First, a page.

Tobacco is an Old Issue

With the increased interest in global health, tobacco control competes in a crowded landscape for funding and attention.  Tobacco control suffers from fatigue as an “old issue” and is sometimes viewed as being about individual choice, thus it’s challenging to sustain interest as other concerns move center stage in the funding arena. Furthermore, unlike many other health issues, tackling smoking moves well beyond medicine and requires complex multifaceted strategies to counter sophisticated, well funded, corporate marketing and lobbying.  As stated in the WHO Zeltner Report, (2000) “Tobacco use is unlike other threats to global health. Infectious diseases do not employ multinational public relations firms. There are no front groups to promote the spread of cholera. Mosquitoes have no lobbyists.” Tobacco industry tactics mandates strong leadership and sustained government commitment in order to make advances in tobacco control.

Tobacco Control Champions

Tobacco, as a leading cause of death and related health issues, is a global public health crisis but government responses have been varied, and in some cases, limited. South Africa provides an example of how policies and education can successfully drive down tobacco utilization.  Tobacco control efforts began in earnest when post-apartheid policies emphasized tobacco control as part of an overall health promotion strategy.[1] The government’s commitment and the dedication of health professionals such as Nkosazana Zuma, translated into significant progress in reducing tobacco use. [2] There have been many champions for tobacco control on the global scene and Dr. Zuma, South Africa’s Minister of Health from 1994 to 1999, provides an encouraging example of how strong leadership can drive effective policies under the most difficult of circumstances.  In 1993, in the presence of a powerful tobacco industry with strong allies in the apartheid administration, 33% of South Africa’s population aged 18+ smoked.[3]  Despite pressure from the tobacco industry, Dr. Zuma maintained a focus on tobacco and was instrumental in the development of multifaceted tobacco control legislation, education and financial tactics. Following Dr. Zuma’s efforts, South Africa made great strides with comprehensive tobacco control measures.  Unfortunately, there are suggestions that South Africa’s attention has stagnated [4] and notably, tobacco control is not currently listed as a priority on the government’s health web site.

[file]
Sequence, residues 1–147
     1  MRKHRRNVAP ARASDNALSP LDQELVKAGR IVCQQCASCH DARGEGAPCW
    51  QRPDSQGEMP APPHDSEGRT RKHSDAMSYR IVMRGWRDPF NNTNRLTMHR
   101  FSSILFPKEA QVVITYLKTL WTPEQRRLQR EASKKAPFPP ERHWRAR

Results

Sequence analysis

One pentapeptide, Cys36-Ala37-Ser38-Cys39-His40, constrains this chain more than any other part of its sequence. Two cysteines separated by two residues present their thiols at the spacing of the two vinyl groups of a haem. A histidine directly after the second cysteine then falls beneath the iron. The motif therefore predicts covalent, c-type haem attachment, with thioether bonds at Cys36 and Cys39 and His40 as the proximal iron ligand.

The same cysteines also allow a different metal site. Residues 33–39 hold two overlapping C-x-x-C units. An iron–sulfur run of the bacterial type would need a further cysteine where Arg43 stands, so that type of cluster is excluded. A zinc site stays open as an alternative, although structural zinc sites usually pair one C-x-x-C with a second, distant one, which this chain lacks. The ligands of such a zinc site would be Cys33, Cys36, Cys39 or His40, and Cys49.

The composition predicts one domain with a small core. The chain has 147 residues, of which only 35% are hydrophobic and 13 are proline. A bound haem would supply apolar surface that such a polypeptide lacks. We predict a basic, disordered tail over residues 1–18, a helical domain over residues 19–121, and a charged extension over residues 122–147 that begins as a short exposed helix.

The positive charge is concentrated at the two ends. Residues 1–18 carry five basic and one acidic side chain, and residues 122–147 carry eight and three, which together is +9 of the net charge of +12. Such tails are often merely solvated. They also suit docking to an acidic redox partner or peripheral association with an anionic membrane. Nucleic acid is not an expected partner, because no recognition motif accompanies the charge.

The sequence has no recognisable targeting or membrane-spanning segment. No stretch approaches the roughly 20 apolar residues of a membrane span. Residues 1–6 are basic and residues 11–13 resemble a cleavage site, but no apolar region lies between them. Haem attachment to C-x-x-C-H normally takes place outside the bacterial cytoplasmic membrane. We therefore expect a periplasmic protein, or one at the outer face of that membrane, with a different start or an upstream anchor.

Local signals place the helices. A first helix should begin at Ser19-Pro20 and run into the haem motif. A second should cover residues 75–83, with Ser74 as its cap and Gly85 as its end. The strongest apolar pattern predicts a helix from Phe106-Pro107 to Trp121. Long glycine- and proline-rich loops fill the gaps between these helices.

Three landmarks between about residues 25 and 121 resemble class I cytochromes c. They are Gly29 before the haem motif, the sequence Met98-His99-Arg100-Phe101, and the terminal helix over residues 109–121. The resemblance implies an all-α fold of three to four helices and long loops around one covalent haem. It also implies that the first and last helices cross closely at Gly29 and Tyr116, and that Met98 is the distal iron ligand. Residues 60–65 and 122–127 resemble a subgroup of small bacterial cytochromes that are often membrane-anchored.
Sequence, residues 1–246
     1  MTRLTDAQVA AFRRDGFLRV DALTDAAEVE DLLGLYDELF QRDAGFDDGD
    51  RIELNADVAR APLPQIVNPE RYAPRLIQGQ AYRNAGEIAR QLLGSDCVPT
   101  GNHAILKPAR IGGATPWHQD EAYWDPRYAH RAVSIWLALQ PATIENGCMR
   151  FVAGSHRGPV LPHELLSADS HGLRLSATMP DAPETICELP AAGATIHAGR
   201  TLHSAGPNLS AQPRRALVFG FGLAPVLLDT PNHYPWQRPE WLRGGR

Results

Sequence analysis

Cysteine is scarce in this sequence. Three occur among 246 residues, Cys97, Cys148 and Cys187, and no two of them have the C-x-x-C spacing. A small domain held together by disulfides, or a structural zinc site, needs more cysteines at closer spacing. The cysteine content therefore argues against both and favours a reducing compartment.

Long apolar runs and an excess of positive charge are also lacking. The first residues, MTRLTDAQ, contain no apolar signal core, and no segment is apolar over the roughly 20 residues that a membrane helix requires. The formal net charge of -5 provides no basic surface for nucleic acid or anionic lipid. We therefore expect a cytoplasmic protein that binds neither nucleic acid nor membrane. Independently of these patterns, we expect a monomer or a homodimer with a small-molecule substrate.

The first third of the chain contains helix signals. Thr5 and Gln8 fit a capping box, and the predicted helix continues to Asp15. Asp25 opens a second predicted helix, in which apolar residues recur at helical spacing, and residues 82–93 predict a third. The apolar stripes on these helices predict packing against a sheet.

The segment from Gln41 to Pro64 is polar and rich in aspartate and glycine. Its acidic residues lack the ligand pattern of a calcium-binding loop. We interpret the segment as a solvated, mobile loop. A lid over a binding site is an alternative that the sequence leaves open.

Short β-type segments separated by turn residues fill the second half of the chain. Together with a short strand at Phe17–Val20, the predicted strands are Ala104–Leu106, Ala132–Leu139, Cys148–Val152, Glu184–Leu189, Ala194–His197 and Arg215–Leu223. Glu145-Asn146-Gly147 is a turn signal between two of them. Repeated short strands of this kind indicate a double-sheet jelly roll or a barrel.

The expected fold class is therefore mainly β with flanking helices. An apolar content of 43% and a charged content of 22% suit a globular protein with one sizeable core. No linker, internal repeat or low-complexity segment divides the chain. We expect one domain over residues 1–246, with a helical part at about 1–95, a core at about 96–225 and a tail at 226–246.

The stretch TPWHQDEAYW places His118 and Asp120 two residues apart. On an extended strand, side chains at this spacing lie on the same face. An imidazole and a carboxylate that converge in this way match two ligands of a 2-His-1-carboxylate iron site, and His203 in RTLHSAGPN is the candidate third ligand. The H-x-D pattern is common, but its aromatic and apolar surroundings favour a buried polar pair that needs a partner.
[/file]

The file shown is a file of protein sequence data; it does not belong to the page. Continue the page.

Sustained Efforts a Must

Tobacco control requires sustained efforts, yet has not received levels of attention and financial support commensurate with the disease burden and unfortunately, the Millennium Development Goals do not specifically address tobacco. Without ongoing pressure from champions like Dr. Zuma, we are at risk for reversing gains made in the tobacco wars as industry takes advantage of waning interest. As the new era of global health unfolds, tobacco control must remain a global priority.  Health professionals should continue to build anti-tobacco coalitions, pursue innovations in tobacco control and celebrate those who champion this difficult cause.

 


[1] A. Bitton, Tobacco Control in South Africa. Harvard Business Publishing; 2011.

[2] K. Steyn, et al. (eds). Chronic Diseases of Lifestyle in South Africa: 1995 – 2005. Technical Report. Cape Town:South African Medical Research Council, 2006.

[3] Abedian, I, et al. The Economics of Tobacco Control. Towards an optimal policy mix. Cape Town, South Africa: Applied Fiscal Research Centre;1998.

[4] Bitton, A. et al. Improving the Delivery of Global Tobacco Control. Mount Sinai Journal of Medicine; 78:382-393,2011.

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